Tuesday, December 30, 2008

Look Ma - No Radar!

Have been hearing about this light plane crash recently and after reading about how parts of the area the crash occurred in have 'poor radar coverage' I did some research and found this article:

Look, Ma - No Radar! Tomorrow's Air Traffic Control

and this section jumped out at me:

We can do better

GPS makes a whole new approach to air traffic control possible -- the notion of networking GPS units together into one large network.

What if each airborne GPS receiver could report its location and altitude, unasked, every second? Then controllers on the ground would know exactly where every airplane was, more often and accurately than they could by relying on a radar sweep every six or 12 seconds.

Let’s not stop there. What if other aircraft could read each other’s locations, opening the way to a new generation of independent collision avoidance equipment? Even without controllers to call traffic or any human intervention, every aircraft so equipped would have the means to avoid a collision.

Take it one last step. How about equipping each airborne unit with a datalink receiver to receive traffic and weather information and other data such as airspace restrictions without having to talk on the radio?

and later in the article this:

ADS-B has been tested successfully in one of the world’s harshest aviation environments -- Alaska1. The seven-year Capstone program proved that ADS-B could track both weather and traffic when bundled with a GPS receiver and a moving map.

The ADS-B system offers radar-quality aircraft separation services, possible decreases in travel time and better air traffic and aircraft fleet management. All could save airlines and travelers time and money, and reduce pollution, too.

and the money shot is here:

Can ADS-B co-exist with radar?

In the long term, no. The cost to maintain both would be astronomical and redundant. The cost to maintain the aging radar network is about $150 million a year, and it would cost about $2.5 billion to upgrade to ADS-B capabilities.

By contrast, the entire ADS-B system, including ground-based transceivers at about $200,000 each, is being built for about $1.8 billon, and will cost about $30 million a year to operate and maintain.

For this we will get coverage from high altitude right down to the ground, and ADS-B can be used for on-airport surveillance as well.

As for when ADS-B will be introduced throughout the United States, implementation has already begun. It is now available along the east coast from Florida to New Jersey. In August 2007 FAA awarded ITT Corporation a $1.8 billion contract to build and maintain the ADS-B infrastructure nationally. Uniquely, ITT will own and operate the system, and will be paid to supply ADS-B data to the FAA. The full system will be online by 2020.

So, the new system is coming in any event and will cost a third as much to maintain - which means radar-based air traffic control will likely be playing a faint second fiddle by 2010. Something tells me when folks see how much better it works the government will get in the game and hustle ITT to finish the system ahead of schedule.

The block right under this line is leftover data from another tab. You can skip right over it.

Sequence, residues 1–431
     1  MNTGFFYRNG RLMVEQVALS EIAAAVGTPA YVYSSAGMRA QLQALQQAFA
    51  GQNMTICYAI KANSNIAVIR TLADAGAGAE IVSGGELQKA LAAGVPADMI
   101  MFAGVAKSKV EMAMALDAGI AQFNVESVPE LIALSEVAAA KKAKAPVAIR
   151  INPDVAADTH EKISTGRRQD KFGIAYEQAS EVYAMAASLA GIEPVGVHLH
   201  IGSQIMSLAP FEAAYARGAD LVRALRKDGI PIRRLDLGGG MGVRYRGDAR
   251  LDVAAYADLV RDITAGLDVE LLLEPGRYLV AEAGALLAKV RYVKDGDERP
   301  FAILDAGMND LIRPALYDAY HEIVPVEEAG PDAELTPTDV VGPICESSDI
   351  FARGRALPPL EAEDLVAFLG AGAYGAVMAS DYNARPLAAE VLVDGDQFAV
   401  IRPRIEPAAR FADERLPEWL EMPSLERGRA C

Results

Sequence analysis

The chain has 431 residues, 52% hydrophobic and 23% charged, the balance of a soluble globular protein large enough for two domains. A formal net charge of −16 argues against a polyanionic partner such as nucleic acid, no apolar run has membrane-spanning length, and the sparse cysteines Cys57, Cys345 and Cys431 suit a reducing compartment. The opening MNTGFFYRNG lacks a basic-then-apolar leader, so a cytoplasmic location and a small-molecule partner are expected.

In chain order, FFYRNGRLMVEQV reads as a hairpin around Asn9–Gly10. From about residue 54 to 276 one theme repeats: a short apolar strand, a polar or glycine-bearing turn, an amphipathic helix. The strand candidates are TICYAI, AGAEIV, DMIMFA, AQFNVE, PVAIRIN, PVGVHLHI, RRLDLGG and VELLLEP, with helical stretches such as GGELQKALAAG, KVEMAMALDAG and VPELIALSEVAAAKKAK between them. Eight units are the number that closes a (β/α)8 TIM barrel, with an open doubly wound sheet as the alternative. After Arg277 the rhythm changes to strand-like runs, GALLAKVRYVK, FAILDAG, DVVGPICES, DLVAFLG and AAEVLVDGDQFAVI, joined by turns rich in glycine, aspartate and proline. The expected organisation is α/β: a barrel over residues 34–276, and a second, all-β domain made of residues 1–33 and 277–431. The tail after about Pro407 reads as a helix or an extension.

But this article about the folks that perished in the crash had this insightful if somewhat harsh comment:
Flying is not inherently risky as some have implied here. Having said that, any risk must be managed properly. Many properly trained light aircraft pilots fly every day safely. Unfortunately, like some have alluded to, there are plenty of light aircraft owners who don't obey the rules or have the training, responsibility or experience required to make the right choices.

That's why statistically, you are about 10 times more likely to be involved in a crash flying in a light aircraft than traveling in a car.

It's not the fault of the regulations or the design of aircraft. It's the result of too many morons with too much money owning airplanes.
Ouch. I wouldn't say the pilot in this case was a 'moron' - far from it in fact:
Maureau, a geophysicist, was appointed the executive director of the Oil and Gas Development Partnership at Memorial University in St. John's in 2003, where he helped develop a master's program. He worked for Shell and Petro-Canada, and founded his own company, MaurOil International Inc. He was also the past president of the Canadian Petroleum Institute.
How sad. Clearly a brilliant man - his wife was no slouch either - an accomplished physician.

Maybe incidents like this will help the FAA realize it's past time to modernize and get behind the ADS-B program. Decreasing risk is one of the good things government does for us (FDA, EPA, etc). Personally, I'd like to see more money spent on prevention than playing jigsaw with mangled airplane bits in an empty hangar.
1. McCain, Palin and Bush endorsed it, but let's not hold that against it - however, the lack of standards is a concern and needs to be addressed.

No comments: